Doncaster sticker seller Phillip Hartley cries in court during Cancer Research fraud trial
Doncaster sticker seller Phillip Anthony Hartley has been found not guilty of defrauding Cancer Research after he was found asking for donations in the charity’s gear and shaking a collecting box in London.
Hartley, 38, was arrested in London’s Leicester Square in April sporting a Cancer Research hat, t-shirt and rattling a collecting tin branded with the company’s logo.
But after a three hour trial at City of London Magistrates earlier today, justices said they could not find that the items had definitely been used to commit fraud.
Hartley, who describes himself as the Love Campaigner, burst into tears in court several times and wailed as he pleaded his innocence telling the bench: “I’m bawling my eyes out here,” as he wept in the dock, sporting a t-shirt that said ‘ask me about my stickers.’
The court heard how Hartley had been arrested in the capital on April 6 after he ‘jokingly’ approached a number of police officers, asking them for donations to Cancer Research while wearing a hat which said ‘Donate Now’ as well as t-shirt and clutching a collection tin, which the seal had been broken on.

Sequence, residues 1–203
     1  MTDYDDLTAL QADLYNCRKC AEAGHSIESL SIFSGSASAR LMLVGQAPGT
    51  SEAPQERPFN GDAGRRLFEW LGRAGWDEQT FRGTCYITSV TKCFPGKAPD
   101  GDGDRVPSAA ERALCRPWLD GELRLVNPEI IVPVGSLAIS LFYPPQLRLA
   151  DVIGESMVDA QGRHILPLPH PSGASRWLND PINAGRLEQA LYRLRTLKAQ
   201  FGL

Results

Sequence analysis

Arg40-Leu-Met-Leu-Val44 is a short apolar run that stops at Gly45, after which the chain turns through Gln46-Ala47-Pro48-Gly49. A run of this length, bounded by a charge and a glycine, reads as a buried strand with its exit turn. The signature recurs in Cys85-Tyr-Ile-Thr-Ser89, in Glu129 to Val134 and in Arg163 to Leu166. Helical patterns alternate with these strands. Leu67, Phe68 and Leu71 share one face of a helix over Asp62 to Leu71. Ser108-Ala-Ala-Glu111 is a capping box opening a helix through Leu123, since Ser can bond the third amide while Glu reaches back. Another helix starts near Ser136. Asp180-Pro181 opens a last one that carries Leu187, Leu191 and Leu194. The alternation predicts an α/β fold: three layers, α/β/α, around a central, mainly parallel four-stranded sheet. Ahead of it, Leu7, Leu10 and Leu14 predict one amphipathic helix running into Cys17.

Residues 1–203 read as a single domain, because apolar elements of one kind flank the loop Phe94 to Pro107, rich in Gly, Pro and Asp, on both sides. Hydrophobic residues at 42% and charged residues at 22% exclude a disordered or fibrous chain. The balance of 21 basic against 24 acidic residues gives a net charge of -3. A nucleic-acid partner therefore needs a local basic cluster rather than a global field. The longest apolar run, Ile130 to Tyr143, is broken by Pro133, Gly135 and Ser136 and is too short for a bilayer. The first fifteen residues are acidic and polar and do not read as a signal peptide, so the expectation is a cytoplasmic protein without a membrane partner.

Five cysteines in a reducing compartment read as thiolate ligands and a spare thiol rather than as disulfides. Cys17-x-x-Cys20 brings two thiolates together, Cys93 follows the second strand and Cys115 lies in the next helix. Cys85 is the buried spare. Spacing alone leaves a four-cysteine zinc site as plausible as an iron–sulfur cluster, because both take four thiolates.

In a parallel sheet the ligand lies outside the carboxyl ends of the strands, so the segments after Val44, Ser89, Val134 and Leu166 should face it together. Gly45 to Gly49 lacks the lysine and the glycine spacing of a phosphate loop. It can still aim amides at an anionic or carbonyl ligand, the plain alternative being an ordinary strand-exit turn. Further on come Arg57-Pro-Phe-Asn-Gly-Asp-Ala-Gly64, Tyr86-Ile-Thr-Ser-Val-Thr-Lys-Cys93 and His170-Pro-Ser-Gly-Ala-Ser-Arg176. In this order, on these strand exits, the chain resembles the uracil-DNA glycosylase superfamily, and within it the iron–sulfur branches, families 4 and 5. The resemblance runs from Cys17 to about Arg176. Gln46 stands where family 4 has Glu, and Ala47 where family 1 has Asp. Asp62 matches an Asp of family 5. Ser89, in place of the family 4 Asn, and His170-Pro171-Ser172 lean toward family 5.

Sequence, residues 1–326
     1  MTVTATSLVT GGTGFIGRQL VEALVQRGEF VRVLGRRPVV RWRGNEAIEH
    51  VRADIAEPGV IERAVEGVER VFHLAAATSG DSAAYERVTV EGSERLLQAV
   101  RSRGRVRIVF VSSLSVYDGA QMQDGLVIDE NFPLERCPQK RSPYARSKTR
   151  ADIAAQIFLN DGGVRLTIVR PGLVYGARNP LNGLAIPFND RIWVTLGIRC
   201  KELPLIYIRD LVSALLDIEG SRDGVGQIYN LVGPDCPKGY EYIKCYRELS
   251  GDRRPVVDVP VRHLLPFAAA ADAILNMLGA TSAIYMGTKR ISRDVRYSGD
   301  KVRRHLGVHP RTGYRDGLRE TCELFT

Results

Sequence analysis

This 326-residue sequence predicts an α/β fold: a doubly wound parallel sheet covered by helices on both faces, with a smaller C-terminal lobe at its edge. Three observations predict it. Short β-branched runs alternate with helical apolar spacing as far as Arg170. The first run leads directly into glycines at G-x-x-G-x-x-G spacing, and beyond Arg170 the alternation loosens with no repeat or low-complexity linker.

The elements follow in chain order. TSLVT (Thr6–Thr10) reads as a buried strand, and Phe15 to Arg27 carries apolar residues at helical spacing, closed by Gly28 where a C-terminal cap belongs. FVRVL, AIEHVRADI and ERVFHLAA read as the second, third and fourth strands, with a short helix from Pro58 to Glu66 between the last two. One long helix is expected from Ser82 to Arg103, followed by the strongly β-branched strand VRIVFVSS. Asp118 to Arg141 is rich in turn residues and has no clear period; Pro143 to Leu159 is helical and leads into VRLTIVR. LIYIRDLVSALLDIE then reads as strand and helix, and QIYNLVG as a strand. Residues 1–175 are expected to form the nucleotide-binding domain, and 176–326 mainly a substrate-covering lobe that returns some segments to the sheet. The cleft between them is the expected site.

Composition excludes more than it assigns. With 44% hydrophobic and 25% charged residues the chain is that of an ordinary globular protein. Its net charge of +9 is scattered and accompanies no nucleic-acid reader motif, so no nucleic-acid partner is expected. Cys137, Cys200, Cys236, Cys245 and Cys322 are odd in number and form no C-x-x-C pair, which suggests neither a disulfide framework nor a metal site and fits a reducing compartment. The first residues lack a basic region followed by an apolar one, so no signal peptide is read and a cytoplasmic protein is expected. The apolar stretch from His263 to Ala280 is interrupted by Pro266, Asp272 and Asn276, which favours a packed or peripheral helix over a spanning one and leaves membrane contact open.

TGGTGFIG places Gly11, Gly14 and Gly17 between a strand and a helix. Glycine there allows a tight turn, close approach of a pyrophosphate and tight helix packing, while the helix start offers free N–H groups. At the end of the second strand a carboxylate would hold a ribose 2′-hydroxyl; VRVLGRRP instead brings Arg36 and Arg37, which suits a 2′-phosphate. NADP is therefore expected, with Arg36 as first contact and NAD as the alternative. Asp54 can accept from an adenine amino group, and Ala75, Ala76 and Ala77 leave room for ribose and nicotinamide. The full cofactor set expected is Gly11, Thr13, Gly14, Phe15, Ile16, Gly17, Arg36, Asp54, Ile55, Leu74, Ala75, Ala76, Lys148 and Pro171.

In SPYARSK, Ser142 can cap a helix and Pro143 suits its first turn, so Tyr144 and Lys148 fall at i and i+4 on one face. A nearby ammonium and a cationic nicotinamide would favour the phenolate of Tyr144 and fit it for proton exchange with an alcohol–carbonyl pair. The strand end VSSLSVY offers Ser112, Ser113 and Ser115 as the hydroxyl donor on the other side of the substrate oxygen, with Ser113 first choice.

When the officers declined to contribute, Hartley yelled at them: “How many fines have you given out for Covid today?,’ raising suspicions that he was not a genuine collector and prompting police to launch an investigation.
Hartley, of Christ Church Road, denied one count of fraud by false representation and one of possessing articles for use in fraud, namely a collection tin with Cancer Research sticker, a Cancer Research UK t-shirt and Cancer Research UK hat.
Insisting on being referred to in court only as Phillip and not Mr Hartley, he admitted that he wasn’t collecting for the charity and had simply been selling stickers with *F*** Coronavirus” on them, adding: “I don’t sell stickers for charity, I sell them for me and choose to give 50 per cent to Cancer Research.”
The court heard how Cancer Research had asked Hartley, who previously used the name Phillip L’Estrange, to stop fundraising for them last year after he made boasts online of raising £30,000.
The charity began investigating after Hartley could only account for £1,500 of the money and the case was passed to Action Fraud and the Charity Commission who both launched investigations.
After receiving a generic fundraising email from the charity earlier this year, Hartley took that as a personal invitation to raise funds and headed to the capital in his Cancer Research get-up.
When he was arrested by police, he ranted about drug dealers being allowed to beg for drugs on the streets, telling officers: “If people can beg for death, surely I can beg for life,” and admitted that not all of the money in the tin was for Cancer Reseach, with half going to him as ‘a wage.’
He told officers that he had been authorised to collect and urged them to contact Cancer Research to confirm.
In interviews after his arrest, Hartley protested his innocence and refused to answer questions, with police describing his responses as ‘incoherrent ramblings.’